The Jan II's first success was on 7 December 1476, when the states of Żagań paid homage to him. One day later, on 8 December, Matthias Corvinus declared Henry XI's will null and void because the late Duke wrote them mentally ill. By of 1476–1477 the Bohemian troops gained Szprotawa and Kożuchów. In the hands of the Elector Albert III Achilles remained only Krosno Odrzańskie. In early 1477 was announced a truce between the warring parties, who lasted until April 1477. The war was resumed in spring 1477 and began years of war between the Bohemian and Hungarian troops. The disaster worsened the situation of Jan II and his Hungarian allies. However, the residents of Głogów maintain his fidelity to Jan II. The parties tried to resolve the fighting through diplomacy, but in the autumn of 1477 the truce was broken by Jan II, who invaded the Brandenburg possessions and even sieged Berlin and Frankfurt. The war continued during all 1478 with several battles. In the meanwhile, the ex-Duke of Żagań strengthen the position in Głogów. In mid-1479 a truce was concluded between the warring parties, under which the Elector Albert III Achilles gave up his claims over the Duchy of Głogów for the amount of 50,000 florins. Negotiations between Jan II and the Elector of Brandenburg lasted until September 1482. Jan II retained Głogów, but the northern part was taken by Brandenburg (around Krosno Odrzańskie, Sulechów, Świebodzin and Lubsko). According to the agreement with Matthias Corvinus, Jan II only ruled Głogów during his lifetime. After his death, the Duchy was inherited by the Hungarian King and his descendants.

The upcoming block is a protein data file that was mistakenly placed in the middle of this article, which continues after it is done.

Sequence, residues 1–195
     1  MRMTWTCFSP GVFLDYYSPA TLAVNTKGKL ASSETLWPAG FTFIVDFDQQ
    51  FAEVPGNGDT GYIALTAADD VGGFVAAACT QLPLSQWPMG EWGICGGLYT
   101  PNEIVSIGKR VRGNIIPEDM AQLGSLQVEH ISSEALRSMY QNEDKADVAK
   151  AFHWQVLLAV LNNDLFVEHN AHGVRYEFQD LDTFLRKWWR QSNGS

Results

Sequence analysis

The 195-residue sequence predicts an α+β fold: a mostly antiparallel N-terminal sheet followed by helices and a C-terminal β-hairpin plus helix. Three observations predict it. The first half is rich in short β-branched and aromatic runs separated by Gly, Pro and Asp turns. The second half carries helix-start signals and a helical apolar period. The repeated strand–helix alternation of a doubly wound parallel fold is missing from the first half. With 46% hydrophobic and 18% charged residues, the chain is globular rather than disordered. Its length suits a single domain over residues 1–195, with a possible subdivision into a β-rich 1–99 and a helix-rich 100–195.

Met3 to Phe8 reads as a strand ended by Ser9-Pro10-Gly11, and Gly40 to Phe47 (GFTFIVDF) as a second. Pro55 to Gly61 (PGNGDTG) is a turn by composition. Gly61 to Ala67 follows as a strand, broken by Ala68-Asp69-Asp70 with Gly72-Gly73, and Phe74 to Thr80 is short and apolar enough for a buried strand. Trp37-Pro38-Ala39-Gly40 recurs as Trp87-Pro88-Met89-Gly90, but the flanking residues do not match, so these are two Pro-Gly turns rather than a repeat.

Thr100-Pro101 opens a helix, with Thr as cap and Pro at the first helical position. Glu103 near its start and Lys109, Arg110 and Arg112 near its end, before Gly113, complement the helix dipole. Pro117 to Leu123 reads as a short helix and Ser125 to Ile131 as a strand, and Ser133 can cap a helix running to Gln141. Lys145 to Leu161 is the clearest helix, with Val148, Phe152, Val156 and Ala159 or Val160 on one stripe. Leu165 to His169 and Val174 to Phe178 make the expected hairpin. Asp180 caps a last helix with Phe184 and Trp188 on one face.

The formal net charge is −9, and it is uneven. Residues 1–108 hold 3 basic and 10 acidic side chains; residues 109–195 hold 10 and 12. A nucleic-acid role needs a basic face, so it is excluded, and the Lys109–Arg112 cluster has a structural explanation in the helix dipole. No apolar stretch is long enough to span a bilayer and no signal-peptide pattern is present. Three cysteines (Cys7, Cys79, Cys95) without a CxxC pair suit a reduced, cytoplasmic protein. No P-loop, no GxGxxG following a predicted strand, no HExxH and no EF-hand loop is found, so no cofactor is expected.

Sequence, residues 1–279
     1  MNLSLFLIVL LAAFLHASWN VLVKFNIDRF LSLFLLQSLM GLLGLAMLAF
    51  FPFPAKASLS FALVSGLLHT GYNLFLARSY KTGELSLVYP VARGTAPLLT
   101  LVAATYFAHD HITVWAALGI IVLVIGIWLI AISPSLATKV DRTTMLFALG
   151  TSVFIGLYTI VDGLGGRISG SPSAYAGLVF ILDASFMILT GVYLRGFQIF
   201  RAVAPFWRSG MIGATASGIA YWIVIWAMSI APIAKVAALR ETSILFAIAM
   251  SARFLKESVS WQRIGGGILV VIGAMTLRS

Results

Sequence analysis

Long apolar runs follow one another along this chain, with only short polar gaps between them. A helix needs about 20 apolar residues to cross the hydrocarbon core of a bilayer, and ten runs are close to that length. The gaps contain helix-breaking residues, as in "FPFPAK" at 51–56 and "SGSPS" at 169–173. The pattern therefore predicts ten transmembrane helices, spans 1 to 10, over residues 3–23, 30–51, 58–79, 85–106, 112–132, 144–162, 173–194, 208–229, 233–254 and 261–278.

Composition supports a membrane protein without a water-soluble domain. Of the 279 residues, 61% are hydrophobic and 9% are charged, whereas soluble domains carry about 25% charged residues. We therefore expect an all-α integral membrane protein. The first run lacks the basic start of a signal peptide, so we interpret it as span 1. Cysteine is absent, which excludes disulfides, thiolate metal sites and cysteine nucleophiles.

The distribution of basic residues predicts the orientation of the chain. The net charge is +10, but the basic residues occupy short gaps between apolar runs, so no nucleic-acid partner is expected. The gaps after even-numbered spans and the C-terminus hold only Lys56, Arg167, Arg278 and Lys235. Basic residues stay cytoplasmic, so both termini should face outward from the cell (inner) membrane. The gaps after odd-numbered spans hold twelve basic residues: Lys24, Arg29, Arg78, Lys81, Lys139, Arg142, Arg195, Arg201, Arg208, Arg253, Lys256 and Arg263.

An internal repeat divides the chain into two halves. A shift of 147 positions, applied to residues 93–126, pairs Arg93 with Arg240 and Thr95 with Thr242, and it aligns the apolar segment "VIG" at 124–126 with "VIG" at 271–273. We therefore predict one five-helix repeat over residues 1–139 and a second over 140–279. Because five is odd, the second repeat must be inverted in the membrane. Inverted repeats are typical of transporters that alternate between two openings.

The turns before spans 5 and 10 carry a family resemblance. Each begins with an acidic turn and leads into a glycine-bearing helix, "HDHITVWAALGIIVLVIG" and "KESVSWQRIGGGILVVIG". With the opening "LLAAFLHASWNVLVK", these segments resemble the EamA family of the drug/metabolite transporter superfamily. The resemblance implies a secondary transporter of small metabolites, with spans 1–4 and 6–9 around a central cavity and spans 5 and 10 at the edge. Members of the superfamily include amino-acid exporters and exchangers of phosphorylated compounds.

In 1480 Jan II attempted to unify Głogów (the Duchy was divided in two parts, one belonged to him, and the other, previously belonged to the Cieszyn branch, was now in power of the Bohemian Kingdom). After a siege of seven weeks, on 1 May 1480 the city was conquered and the Duchy of Głogów was finally reunited after almost 150 years of separation.